The canary island pine: some very specific
aspects make it a unique species
The most representative of all canary species is the canary island pine (Pinus canariensis). It is an endemism, which means that its natural existence is reduced to this small part of the Earth that are the Canary Islands. Nevertheless, although it appears in such a small place, it does it in a massive way: more than the half of all the trees living in this archipelago are canary island pines. It is a very old species, probably one of the first ones that arrived to the islands. Therefore, it is believed that this tree has lived there for more than thousands of years. Because of that, in StarExcursions we want to study its general characteristics, in order to know a little bit more about this canary symbol:
The canary island pine is a very bulging tree. It can be more than 40 meters tall and 2,5 meters wide. Nevertheless, normally it is between 15 and 25 meters tall and 1 meter wide. The highest specimen ever registered is the pine of Las Dos Pernadas. It lives in the town of Vilaflor and is 56 meters tall. It grows very fast. In a few decades, the canary island pine can easily be 10 meters tall. At the beginning, it has a pyramidal appearance, but, over the years, as it stops growing high, but not its branches, it adopts an umbrella-like appearance.
This is how the canary island pine looks like
Wood and bark:
The Wood varies its characteristics a lot, whether it is the intern or the extern part of the tree. The intern one is called “duramen” or “tea”. It is very resinous and its color is similar to caramel. This kind of wood has always been largely used for construction, because it is practically incorruptible. The extern one is called “albura”. It is mushy and its color is betwwen white and yellow.
The color of the bark is clear brown. When the tree is young, it is practically even, but, as the tree grows old, the bark cracks and adopts a darker color. The bark of the canary island pine has a very special feature, which makes it especially resistant to fire. It is due to the way the bark grows. As the tree grows old, the bark adds new layers. As a result, the bark becomes very bulk. Apart from that, another key feature is the fact that the bark cracks into regular layers, every one with a thickness up to 8 cm each. Thanks to this process, the canary island pine is especially resistant to wildfires. After one of them, it is capable of re-sprouting, even if it has lost the leaves and the branches.
The canary island pine resists wildfires
Leaves and flowers:
The canary island pine has a type of leaf which is very thin and large –around 30 cm long-. They are similar to long needles, but flexible and not sharp. They are called needles of conifer –for the canary island pine is a species of conifer-. It is a monoecious tree. This means that it has both masculine and feminine flowers in the same specimen. During spring, the masculine ones release the pollen, in order to fecundate the feminine ones of another specimen. These feminine flowers are nothing but the famous pinecones that hang from these trees.
The fertile pinecones are Green and small. When they grow, they become brown. This change takes place whether they have been fertilized or not. If fertilization takes place, this pinecone will need two years to complete the maturity process. After this space of time, it opens itself and releases the pine nuts it has inside. These pine nuts are pine’s seeds. Every one of them has an appendix, which is a kind of wing that allows them to be carried by the wind, in order to colonize new natural spaces.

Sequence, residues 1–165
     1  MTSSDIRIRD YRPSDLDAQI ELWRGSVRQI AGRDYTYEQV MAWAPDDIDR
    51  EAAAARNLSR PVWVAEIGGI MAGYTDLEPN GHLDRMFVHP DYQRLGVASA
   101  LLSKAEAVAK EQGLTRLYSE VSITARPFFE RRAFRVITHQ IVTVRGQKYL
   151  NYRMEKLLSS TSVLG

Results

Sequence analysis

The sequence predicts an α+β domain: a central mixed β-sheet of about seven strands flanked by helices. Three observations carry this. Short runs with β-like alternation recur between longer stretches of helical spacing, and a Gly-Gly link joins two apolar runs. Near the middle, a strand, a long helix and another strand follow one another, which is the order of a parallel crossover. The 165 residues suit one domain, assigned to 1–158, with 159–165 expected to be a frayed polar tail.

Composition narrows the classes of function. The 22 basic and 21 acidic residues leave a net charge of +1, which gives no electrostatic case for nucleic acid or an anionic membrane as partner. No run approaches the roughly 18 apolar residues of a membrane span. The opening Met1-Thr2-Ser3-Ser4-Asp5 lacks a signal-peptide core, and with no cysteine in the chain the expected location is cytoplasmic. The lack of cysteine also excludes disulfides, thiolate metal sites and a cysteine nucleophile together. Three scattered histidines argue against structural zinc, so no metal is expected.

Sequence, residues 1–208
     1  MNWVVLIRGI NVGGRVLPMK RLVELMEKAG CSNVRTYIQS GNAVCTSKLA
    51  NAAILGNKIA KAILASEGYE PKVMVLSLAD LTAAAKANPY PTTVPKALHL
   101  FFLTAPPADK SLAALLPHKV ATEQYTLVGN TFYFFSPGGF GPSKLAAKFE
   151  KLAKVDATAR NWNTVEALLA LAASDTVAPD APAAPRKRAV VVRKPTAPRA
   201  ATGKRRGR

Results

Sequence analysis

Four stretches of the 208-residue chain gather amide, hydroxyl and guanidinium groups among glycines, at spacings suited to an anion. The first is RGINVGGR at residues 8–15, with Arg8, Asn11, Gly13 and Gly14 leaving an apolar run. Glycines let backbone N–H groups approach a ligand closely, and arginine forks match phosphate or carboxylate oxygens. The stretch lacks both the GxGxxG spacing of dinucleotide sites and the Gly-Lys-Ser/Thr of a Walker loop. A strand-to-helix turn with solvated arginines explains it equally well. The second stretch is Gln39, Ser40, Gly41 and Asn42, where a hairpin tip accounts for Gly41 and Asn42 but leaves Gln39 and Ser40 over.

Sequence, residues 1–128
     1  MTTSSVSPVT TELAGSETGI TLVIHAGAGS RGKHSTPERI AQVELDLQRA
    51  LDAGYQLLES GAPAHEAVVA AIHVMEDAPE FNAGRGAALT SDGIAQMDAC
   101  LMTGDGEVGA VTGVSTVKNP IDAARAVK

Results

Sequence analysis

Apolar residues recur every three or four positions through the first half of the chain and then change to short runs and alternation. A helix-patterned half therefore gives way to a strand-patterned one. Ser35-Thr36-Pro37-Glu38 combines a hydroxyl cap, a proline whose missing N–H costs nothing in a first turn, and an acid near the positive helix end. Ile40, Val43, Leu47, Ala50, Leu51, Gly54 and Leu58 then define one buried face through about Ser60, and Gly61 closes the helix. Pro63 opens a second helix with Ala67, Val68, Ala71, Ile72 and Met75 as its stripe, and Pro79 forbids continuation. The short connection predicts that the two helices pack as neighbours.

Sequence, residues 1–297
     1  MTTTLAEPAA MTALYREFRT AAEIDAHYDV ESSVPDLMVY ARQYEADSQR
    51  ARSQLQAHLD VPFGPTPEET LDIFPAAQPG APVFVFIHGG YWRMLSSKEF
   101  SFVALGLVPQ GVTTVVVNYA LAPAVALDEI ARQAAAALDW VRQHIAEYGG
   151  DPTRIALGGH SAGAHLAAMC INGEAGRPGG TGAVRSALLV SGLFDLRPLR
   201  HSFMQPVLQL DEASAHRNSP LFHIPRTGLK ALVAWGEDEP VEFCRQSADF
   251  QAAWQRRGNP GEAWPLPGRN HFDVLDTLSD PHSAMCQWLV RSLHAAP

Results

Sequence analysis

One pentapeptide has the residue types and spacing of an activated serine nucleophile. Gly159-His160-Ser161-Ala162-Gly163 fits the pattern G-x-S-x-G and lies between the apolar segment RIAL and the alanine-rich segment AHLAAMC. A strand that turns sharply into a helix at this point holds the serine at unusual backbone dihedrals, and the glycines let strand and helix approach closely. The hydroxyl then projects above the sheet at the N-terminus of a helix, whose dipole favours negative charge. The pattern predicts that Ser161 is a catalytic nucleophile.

Typical pine cone of the canary island pine. Beneath
this pine cone, lots of old needles of pine
The canary island pine is present in the whole seven islands of the archipelago, but it appears in a different way. In Tenerife, La Palma, El Hierro and Gran Canaria, it is present in a natural way and forms wide forests. Its presence in La Gomera is very reduced. Because of that, it has been artificially restock. In the past, Fuerteventura and Lanzarote had canary island pines in a natural way, but they ended up disappearing. As a result, in these two islands there has been an important restock campaign, so every specimen you may see there has grown there in an artificial way.
There are other regions of the Earth where the canary island pine grows, and in an artificial way too. It is present in a large extend in the North of Africa, in Cyprus, Palestine and Israel. It is also very present in some countries of the Southern Hemisphere, such as Chile, Australia or South Africa. In the Iberian Peninsula there has been some attempts to plant this tree, but they were not successful. The reason was because the Iberian Peninsula has limey soils, which are not adequate for the canary island pine. On the other hand, there is a species of butterfly, called “procesionaria del pino” (Thaumetopoea pityocampa), to whom the canary island pine is extremely vulnerable.
The canary island pine covers large areas
This has been our general approach to one of the natural bulwarks of this archipelago: the canary island pine. As it has been explained in the beginning, it is an endemism, so it only appears naturally in the Canary Islands. Although it is far from being an endangered species, it is a symbol of this Spanish region. It characterizes its landscapes and makes them unique, so it has to be especially protected. In future texts, we will address other aspects which also characterize this specimen of the canary flora. Until then, enjoy its singular beauty.
In order to write this text, the websites Wikipedia and Rincones del Atlántico have been taken as a reference.
Featured image: Víctor R. Ruiz (link to the license)
Image 1, 3 and 4: El coleccionista de instantes (link to the license)
Image 2: José Mesa (link to the license)